The Walloon Churches in the Netherlands have their origins in the religious conflicts of the 16th and 17th centuries, when French-speaking refugees from the southern Netherlands (now Belgium) and France fled persecution in their homelands and settled in the largely protestant Dutch Republic in the north. There are far fewer Walloon congregations than in the past, and the remaining few form a special classis within the reunited Protestantse Kerk in Nederland.

16 May 2023

Make a Joyful Noise: coronation anthem

For the recent coronation of King Charles III, Andrew Lloyd Webber was commissioned to compose an anthem. Here it is below: a sung version of Psalm 98 from the venerable King James version of the Bible:

11 May 2023

An 18th-century Dutch psalter

I recently spent time with a friend who brought to our meeting an old Dutch-language edition of the Genevan Psalter published in 1776. The texts are the 1773 versifications commissioned by the Estates General of the United Netherlands, so they were still quite new when this volume was produced. Here are photographs of some of the pages. Note that the outer margins of the versified texts contain the prose text of the relevant psalm according to the Statenvertaling of 1637, a translation of the Bible approved by the Estates General which is analogous to our King James Version in English. Only the melody is included and is repeated for each stanza.

8 May 2023

Singing the Reformation 2016

I've recently come across the website for the Church Service Society, an organization founded in 1865 to renew worship in the Church of Scotland. This is the description of the Society's work from the page titled, History and Purpose

The Society published Euchologion in 1867, the first corporately produced service book available to the Kirk since John Knox’s Book of Common Order, and which continued through eleven editions up to 1924, until the Church itself (the main Presbyterian denominations reunited in 1929) took on the responsibility. Since then there has been increasing provision of worship resources in the Scottish churches. It might seem as if the vision of the founders had been amply fulfilled.

24 Apr 2023

CICW grant: completing the work of decades

I have some great news to share with respect to my ongoing Genevan Psalter project. But first a bit of background.

In 2021 and 2022 I received two back-to-back grants from the Stanford Reid Trust here in Canada to work on my project of setting the Psalms to verse to be sung to the proper Genevan tunes of the 16th century. The first grant enabled me to complete the versification of all 150 Psalms in August of two years ago. The second grant allowed me to pay Michael Owens, a professional musician and piano tuner in Denver, Pennsylvania, to format seventy of my texts to the excellent 20th-century arrangements of Jacques Pierre Bekkers and Jacob Kort. As the second grant was not sufficient to cover the cost of formatting all 150, I applied to the Calvin Institute for Christian Worship (CICW) for a Teacher-Scholar Grant to cover the remainder. Unfortunately, I received word that my project did not fit the parameters of this programme.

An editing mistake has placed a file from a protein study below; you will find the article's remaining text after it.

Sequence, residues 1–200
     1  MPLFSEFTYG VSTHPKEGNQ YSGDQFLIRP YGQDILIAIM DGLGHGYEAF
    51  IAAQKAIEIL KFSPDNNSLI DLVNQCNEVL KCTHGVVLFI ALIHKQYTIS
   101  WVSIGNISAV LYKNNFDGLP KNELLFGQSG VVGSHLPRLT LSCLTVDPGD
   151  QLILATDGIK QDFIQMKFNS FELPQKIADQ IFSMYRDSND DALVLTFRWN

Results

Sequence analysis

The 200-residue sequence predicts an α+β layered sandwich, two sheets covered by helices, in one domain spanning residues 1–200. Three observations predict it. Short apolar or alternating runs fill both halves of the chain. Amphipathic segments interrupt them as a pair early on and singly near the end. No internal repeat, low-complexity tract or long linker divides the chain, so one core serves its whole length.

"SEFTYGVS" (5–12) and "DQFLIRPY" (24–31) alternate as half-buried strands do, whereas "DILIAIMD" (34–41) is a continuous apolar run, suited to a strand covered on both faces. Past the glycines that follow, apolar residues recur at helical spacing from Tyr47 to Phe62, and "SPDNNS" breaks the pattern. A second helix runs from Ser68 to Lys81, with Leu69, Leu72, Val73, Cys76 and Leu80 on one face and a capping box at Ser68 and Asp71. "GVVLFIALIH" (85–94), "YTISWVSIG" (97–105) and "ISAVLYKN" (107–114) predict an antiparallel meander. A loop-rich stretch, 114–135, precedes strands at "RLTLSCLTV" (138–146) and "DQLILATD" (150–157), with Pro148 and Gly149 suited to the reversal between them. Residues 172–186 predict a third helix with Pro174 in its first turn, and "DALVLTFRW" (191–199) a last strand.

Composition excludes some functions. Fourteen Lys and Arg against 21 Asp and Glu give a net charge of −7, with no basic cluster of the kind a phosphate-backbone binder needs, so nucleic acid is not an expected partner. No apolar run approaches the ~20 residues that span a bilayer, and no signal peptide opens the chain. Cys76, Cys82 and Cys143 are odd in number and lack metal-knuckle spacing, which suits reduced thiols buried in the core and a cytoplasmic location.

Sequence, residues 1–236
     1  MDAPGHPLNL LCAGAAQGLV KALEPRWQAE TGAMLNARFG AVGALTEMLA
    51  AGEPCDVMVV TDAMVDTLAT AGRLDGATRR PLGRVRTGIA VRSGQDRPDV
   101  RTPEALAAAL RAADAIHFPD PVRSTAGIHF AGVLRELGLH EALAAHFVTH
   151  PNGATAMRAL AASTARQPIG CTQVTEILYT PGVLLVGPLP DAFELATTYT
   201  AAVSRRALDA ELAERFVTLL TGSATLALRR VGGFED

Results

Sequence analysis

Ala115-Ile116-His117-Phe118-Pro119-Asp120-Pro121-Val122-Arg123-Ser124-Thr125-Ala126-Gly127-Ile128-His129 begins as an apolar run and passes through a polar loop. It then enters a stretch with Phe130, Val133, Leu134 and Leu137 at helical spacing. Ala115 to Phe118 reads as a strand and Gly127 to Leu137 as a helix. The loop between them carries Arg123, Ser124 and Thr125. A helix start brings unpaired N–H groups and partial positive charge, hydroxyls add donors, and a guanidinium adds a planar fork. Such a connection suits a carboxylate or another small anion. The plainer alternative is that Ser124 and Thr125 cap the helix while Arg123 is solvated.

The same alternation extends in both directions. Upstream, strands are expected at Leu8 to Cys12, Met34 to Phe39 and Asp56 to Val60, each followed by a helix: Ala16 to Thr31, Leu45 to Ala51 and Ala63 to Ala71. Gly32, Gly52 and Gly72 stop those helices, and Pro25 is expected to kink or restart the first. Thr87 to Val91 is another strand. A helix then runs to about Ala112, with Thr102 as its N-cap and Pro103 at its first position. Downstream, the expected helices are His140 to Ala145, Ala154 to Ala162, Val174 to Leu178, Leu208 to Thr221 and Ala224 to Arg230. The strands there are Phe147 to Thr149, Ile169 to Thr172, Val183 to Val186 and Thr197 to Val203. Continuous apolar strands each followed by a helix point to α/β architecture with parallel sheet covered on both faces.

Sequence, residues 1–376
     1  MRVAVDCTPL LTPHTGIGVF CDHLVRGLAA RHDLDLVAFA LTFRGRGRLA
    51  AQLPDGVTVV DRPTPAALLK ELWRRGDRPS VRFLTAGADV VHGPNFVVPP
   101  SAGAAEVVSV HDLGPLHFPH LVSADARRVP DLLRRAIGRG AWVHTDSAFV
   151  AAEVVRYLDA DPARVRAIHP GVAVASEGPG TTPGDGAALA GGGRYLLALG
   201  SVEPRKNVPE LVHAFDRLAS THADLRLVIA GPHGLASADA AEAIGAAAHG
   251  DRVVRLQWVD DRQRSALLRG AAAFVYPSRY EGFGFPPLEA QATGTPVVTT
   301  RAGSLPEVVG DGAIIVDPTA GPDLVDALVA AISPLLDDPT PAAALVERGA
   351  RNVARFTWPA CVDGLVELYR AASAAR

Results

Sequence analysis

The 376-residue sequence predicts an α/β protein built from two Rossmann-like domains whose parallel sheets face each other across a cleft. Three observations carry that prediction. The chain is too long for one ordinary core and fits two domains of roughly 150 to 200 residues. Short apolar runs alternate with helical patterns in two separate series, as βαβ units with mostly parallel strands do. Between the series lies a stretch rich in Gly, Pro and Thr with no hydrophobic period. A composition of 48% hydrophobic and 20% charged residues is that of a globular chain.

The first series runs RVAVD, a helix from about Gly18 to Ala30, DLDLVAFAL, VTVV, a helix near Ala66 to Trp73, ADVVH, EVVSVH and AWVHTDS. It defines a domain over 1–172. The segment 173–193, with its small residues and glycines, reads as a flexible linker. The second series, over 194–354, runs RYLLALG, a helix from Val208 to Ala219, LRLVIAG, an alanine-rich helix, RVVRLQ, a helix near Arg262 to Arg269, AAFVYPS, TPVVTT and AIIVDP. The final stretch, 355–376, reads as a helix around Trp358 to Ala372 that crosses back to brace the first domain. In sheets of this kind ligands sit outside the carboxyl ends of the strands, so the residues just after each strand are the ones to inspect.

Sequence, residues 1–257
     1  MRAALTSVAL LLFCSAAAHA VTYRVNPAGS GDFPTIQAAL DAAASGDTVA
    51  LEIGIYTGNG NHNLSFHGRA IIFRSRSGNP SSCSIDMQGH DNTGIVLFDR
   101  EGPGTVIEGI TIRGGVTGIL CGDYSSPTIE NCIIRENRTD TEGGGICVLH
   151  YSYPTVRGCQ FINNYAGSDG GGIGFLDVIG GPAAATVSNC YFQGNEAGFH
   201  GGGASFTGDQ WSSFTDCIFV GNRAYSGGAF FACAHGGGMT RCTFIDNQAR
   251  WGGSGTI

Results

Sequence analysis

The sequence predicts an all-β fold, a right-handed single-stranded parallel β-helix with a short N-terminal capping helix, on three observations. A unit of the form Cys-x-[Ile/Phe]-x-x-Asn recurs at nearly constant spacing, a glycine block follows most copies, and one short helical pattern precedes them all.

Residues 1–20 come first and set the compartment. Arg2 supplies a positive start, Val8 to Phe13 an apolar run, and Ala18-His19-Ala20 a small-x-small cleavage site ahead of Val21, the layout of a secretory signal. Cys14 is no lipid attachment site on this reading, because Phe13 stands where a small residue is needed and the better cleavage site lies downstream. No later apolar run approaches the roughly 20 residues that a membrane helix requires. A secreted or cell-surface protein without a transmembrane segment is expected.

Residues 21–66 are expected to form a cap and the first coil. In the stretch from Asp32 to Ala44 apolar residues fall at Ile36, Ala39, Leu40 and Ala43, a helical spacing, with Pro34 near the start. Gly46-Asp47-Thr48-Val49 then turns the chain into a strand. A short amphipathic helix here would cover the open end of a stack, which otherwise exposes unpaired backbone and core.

However, I am pleased to report that the publications team at CICW has offered to provide the full amount I had requested to complete the formatting for my English-language Genevan Psalter. This will enable Owens to format the remainder of the Psalms, which brings the collection a step closer to publication. I am grateful to God for his grace in giving me the time and resources to work on this project in my retirement. I am grateful to Owens for his enthusiasm for my work and his technical skills. And, of course, I am grateful to both the Reid Trust and the CICW for their financial support for my work.

I will keep readers informed of further developments as they occur. I would appreciate your prayers for the project's completion. Thanks so much!

13 Apr 2023

Kodály's Psalm 150 - 2022

This performance of Zoltán Kodály's arrangement of Psalm 150 took place in July 2022 and was posted last October:

22 Mar 2023

Lewis and Laurence on the imprecatory psalms

At The Gospel Coalition Trevin Wax has written on What C. S. Lewis Got Wrong About the Cursing Psalms. While Lewis's writings carry insights appreciated by generations of Christians, he nevertheless questioned the propriety of using the imprecatory psalms:

Lewis thought these psalms “devilish,” naive, “diabolical,” given to “pettiness” and “vulgarity.” He believed their “vindictive hatred” to be contemptible—full of “festering, gloating, undisguised” passions that can in no way be “condoned or approved.”

 As a corrective to Lewis, Wax recommends Trevor Laurence's new book, Cursing with God: The Imprecatory Psalms and the Ethics of Christian Prayer, published last November by Baylor University Press:

21 Mar 2023

Psalm 150: Sweelinck

Who could possibly tire of listening to Jan Pieterszoon Sweelinck's choral arrangement of Psalm 150?

20 Mar 2023

Martha and the psalms of lament

Everyone remembers Martha, the sister of Mary and Lazarus, whom Jesus raised from the dead as recounted in John 11. Although this episode is found in the New Testament, the dialogue between Jesus and Martha reflects the structure of the psalms of lament. This is the thesis of the late biblical scholar Gail R. O'Day in a remarkable article to which my wife alerted me last week, Martha: Seeing the Glory of God. (If you set up a free account, you can "borrow" this ebook for one hour.)